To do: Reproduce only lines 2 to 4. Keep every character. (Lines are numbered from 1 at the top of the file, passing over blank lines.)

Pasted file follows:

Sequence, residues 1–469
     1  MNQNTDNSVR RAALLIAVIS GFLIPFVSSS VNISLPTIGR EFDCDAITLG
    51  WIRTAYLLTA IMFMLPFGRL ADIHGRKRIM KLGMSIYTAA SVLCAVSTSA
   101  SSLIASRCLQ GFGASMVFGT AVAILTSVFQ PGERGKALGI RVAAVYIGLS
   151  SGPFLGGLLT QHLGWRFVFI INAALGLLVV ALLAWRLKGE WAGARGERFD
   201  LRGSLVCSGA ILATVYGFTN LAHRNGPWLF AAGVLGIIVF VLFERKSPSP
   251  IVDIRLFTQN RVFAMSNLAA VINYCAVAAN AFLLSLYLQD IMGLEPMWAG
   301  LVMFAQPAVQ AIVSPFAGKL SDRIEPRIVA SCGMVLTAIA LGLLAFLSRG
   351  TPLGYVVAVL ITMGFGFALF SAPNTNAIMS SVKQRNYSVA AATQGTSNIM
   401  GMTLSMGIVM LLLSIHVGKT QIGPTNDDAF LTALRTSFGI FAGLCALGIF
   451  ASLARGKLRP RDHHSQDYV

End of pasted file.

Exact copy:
     1  MNQNTDNSVR RAALLIAVIS GFLIPFVSSS VNISLPTIGR EFDCDAITLG
    51  WIRTAYLLTA IMFMLPFGRL ADIHGRKRIM KLGMSIYTAA SVLCAVSTSA
   101  SSLIASRCLQ GFGASMVFGT AVAILTSVFQ PGERGKALGI RVAAVYIGLS